Journalists’ federations have also led a joint campaign with European publishers’ federations (1) to support a neighboring right for press publications, whose revenue is fairly and proportionately distributed between publishers and journalists. This campaign called for maintaining the journalists’ fair share from the new neighbouring right. A joint approach and wording of Recital 35 (cf. footnote (2)) were also agreed to ensure a fair share for journalists, irrespective of the contractual terms concluded between publishers and authors and of national industry licensing standards.
But an alternative version of Recital 35 adopted on 12 September has triggered genuine concerns in the journalists’ community that the neighboring right might only benefit the industry, leaving authors behind. If upheld, the restrictions in this provision would have very damaging consequences on authors, restricting or barring their benefit of the neighboring right.
The Federations therefore therefore call on EU institutions to adopt an amended version of Recital 35 and caution against the adoption of any Proposal that would marginalize authors or deprive them of a fair and proportionate share of the new revenue.
The International Federation of Journalists (IFJ) is the world's largest organisation of journalists, representing over 600,000 members in 140 countries. The IFJ promotes international action to defend press freedom and social justice through strong, free and independent trade unions of journalists. It speaks for journalists within the United Nations system and the international trade union movement.
The European Federation of Journalists (EFJ) is the largest organisation of journalists in Europe, representing over 320,000 journalists in 70 journalists’ organisations across 44 countries. The EFJ fights for social and professional rights of journalists working in all sectors of the media across Europe and is recognised by the European Union and the Council of Europe as the representative voice of journalists in Europe.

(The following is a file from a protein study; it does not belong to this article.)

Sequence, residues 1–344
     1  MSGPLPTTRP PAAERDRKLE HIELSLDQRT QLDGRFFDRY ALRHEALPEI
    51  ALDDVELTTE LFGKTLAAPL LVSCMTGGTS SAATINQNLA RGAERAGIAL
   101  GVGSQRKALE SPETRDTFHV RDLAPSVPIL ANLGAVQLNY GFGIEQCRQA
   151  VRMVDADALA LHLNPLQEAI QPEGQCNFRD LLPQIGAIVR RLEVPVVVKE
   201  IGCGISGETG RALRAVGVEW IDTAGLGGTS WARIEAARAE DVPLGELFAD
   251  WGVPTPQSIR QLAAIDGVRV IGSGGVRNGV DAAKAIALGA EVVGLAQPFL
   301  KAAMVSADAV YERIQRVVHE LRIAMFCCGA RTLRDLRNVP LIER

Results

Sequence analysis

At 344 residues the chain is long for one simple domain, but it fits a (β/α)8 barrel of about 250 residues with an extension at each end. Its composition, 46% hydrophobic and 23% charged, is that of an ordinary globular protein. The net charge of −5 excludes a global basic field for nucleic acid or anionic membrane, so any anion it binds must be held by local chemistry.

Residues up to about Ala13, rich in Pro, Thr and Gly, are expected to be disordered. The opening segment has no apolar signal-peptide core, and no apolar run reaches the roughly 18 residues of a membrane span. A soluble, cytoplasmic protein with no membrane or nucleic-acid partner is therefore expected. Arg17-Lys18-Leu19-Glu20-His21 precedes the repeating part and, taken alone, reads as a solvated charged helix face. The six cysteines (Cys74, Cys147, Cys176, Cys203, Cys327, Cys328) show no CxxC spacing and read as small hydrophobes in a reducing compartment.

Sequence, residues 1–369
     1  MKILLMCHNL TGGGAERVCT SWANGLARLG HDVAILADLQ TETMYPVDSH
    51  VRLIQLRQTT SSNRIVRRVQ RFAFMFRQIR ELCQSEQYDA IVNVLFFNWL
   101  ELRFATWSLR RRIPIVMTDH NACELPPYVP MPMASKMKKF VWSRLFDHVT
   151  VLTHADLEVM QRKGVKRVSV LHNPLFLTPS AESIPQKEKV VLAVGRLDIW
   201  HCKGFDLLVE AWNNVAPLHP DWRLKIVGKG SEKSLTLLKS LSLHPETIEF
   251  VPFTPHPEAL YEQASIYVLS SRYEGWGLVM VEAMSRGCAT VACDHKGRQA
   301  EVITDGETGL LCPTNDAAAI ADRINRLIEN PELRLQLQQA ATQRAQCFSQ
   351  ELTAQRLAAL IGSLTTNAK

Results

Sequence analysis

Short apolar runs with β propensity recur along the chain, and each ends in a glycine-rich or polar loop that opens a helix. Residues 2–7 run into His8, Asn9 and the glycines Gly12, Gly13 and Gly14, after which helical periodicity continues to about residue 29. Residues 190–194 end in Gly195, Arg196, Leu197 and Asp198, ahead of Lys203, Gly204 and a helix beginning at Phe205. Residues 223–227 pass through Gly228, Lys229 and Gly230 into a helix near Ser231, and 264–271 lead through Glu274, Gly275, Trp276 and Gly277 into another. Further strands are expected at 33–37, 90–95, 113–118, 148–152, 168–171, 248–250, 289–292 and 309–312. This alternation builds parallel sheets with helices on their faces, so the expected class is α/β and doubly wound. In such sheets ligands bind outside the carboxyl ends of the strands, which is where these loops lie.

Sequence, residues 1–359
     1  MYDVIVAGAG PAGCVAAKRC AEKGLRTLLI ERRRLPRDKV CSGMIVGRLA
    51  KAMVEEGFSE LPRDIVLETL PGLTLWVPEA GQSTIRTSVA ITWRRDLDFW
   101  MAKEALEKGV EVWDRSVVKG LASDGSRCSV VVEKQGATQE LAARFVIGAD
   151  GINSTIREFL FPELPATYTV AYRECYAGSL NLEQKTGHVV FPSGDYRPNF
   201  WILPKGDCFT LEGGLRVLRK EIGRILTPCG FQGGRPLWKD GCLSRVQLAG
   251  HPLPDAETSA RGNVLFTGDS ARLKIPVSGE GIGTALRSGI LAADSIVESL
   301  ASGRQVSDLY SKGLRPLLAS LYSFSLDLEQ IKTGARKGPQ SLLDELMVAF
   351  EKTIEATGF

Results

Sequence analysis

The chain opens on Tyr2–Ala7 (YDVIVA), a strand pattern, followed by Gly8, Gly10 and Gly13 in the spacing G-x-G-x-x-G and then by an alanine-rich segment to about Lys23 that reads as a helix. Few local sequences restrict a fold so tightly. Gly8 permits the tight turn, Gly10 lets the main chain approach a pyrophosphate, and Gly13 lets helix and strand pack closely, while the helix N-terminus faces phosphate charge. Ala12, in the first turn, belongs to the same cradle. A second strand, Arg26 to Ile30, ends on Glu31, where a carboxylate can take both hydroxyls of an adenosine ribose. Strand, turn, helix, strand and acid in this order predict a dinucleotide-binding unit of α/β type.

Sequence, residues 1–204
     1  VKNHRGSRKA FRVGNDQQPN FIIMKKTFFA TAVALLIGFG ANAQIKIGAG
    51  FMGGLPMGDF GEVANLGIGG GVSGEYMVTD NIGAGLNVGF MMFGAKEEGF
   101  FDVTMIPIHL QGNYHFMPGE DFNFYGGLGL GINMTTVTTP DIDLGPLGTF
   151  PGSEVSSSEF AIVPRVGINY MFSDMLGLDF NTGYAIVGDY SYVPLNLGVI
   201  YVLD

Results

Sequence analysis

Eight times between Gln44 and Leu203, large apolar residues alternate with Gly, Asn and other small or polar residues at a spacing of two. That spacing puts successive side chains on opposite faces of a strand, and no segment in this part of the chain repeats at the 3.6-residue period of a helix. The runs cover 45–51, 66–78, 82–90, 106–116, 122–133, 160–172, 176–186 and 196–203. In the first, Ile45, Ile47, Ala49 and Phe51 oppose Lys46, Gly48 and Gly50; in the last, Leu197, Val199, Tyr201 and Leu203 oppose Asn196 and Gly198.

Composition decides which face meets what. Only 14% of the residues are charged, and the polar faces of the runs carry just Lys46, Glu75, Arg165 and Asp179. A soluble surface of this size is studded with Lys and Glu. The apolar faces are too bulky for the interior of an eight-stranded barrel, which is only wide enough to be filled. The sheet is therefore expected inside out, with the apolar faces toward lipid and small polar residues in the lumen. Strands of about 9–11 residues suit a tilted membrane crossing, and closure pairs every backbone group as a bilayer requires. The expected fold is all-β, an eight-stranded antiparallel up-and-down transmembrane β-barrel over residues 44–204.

(1) Joint statements on 4 July and 28 August 2018: https://europeanjournalists.org/blog/2018/07/04/journalists-and-press-publishers-agree-on-new-wording-on-publishers-right/ and http://www.ifj.org/nc/news-single-view/backpid/51/article/statement-on-publishers-right-from-journalists-and-publishers/
(2) Recital 35: "The protection granted to publishers of press publications under this Directive should not affect the rights of the authors and other right holders in the works and other subject-matter incorporated therein, including as regards the extent to which authors and other right holders can exploit their works or other subject-matter independently from the press publication in which they are incorporated. Therefore, publishers of press publications should not be able to invoke the protection granted to them against authors and other right holders. Authors whose work is incorporated in a press publication shall be entitled to an appropriate share of the new additional revenues press publishers receive for the secondary use of their press publications by information society service providers in respect to the rights provided for in Article 11 paragraph 1."